2. Use Cold Water
When possible minimize your usage of hot water. Wash clothes in cold or cool water instead of hot water and take cool showers when possible. If your bathroom looks like there is a fog machine in use, the temperature is probably a little too high.
3. Choose a Shower Over a Bath
Did you know, the average bathtub takes about 70 gallons of water to fill? That’s a ton of water! Well, not literally a ton, but you get what I mean. Showers are clearly the better option.
4. It’s Okay to Run the Dishwasher
Running the dishwasher, especially if you fill it to maximum capacity, actually has the potential to be more energy efficient than hand-washing dishes! According to NatGeo, “Energy Star dishwashers use about 4 gallons of water per load, and even standard machines use only about 6 gallons. Hand washing generally uses about 20 gallons of water each time.”
5. Your Diet Plays a Part in Water Conservation
Possibly the most astounding statement I came across in my research was this one from NatGeo: “The water it takes to produce the average American diet alone—approximately 1,000 gallons per person per day—is more than the global average water footprint of 900 gallons per person per day for diet, household use, transportation, energy, and the consumption of material goods.”
Remember, water is a precious resource that everyone in the world has to share. Hopefully these tips can help you to be more conservative with your water usage and in return save a little extra cash.
For more incredible statistics and facts please visit the full article used for this piece.
Picture by Maarten Van Damme
One of the biggest trends to hit society has been energy conservancy or as the young people say, “going green.” While in the beginning the idea of going green seemed trivial, now there is no denying that being energy efficient is something we can benefit from. By being conscious of the environment we not only protect our planet, and all that inhabit it, but we should also take pride in our contribution to the greater good.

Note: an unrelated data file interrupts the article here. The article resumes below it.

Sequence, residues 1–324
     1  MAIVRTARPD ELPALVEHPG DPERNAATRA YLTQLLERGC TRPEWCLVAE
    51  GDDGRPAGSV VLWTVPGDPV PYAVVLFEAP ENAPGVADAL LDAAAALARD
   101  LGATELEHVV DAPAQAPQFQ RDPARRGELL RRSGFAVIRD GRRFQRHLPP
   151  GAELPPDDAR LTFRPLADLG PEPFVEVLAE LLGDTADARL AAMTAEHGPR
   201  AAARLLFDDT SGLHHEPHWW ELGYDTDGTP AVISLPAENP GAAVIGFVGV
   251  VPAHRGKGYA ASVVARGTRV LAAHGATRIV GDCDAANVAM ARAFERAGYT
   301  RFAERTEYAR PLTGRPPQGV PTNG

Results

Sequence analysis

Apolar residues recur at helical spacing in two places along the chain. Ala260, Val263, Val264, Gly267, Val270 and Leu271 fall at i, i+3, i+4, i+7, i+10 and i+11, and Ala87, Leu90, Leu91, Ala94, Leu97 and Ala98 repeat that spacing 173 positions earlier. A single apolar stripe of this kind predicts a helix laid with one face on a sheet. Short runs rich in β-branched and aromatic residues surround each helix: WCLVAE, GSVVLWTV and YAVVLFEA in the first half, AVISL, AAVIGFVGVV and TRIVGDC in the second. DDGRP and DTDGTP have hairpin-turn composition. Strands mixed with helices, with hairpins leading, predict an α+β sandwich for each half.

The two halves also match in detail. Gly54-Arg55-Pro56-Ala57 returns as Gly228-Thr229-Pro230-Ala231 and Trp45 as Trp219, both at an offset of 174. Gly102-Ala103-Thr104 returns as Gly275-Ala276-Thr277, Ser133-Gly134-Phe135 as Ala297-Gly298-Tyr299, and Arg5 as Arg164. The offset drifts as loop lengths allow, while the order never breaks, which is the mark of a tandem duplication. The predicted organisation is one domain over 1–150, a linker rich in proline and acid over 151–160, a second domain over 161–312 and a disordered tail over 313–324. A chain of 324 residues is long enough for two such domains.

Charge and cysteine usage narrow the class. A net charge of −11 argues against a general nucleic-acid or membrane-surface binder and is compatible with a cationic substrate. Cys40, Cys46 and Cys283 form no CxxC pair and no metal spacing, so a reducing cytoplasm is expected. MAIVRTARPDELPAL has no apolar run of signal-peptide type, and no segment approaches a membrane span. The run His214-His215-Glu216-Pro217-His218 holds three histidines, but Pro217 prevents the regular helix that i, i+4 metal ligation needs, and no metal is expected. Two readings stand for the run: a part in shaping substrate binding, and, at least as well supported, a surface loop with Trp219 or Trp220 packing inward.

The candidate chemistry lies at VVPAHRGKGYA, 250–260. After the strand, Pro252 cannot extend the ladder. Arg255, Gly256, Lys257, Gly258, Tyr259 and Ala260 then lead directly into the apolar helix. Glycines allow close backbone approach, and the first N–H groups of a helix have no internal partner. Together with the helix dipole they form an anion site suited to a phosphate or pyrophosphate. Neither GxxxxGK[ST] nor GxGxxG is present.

Take a look at what some homeowners across the country have done to not only make their homes “greener,” but save a few bucks in the process!
Homeowners of this beautiful Delaware home decided to go with a 3 zone HVAC (Heat Ventilation Air Conditioning) system. Zone heating and cooling is an ideal option for conserving energy and maintaining costs. It allows you to heat or cool particular areas of the house that are most frequently used while keeping temperatures down in rooms that are not used as much. Listed by Joan Goloskov with Coldwell Banker Preferred.
The owners of this Massachusetts home decided to go green by installing an eco-stone driveway. Eco-stone is a popular option amongst those looking to make their homes just a little greener. Unlike concrete, or other non-porous surfaces, eco-stone is permeable and allows water to go beneath the stone’s surface which helps prevent flooding, erosion and better protection of wetland and aquatic ecosystems. Listed by Francesca Trainer with Coldwell Banker Residential Brokerage.
Built by the renowned designer Michael Torrey of Avalon Construction Corp, this Malibu home is the epitome of green. The whole home is LEED certified, which is the gold standard when it comes to building green. On top of that you’ll find energy efficient appliances throughout the entire home. Listed by Madison Hildebrand with Coldwell Banker Residential Brokerage.
This New Mexico home takes full advantage of the state’s powerful sun exposure by using a state of the art photovoltaic system. Photovoltaic systems are essentially large sheets of solar panels. These not only help to power homes, but also significantly reduce your utility bills. Listed by Judy Buck with Coldwell Banker Lota Realty, Inc.
To stay warm in the winters and cool in the summers, this Illinois home takes being one with the earth to a whole new level with its use of geothermal heating and cooling systems. These systems use geothermal energy, which is energy that is created and taken directly from below the Earth, to efficiently control the climate of the home and limiting the home’s carbon footprint. Listed by Donald Stein with Coldwell Banker Residential Brokerage.
Just in time for Earth Day which happens to be this Sunday, April 22!
We recently began an exciting blog partnership with Allstate Insurance. Check out our first guest blog post on their community blog: Why Energy-Efficient Home Improvements Might Close the Sale and look for future posts from All State guest blogger Pauline Hammerbeck.
Have you made a green update to your home? Tell us about it!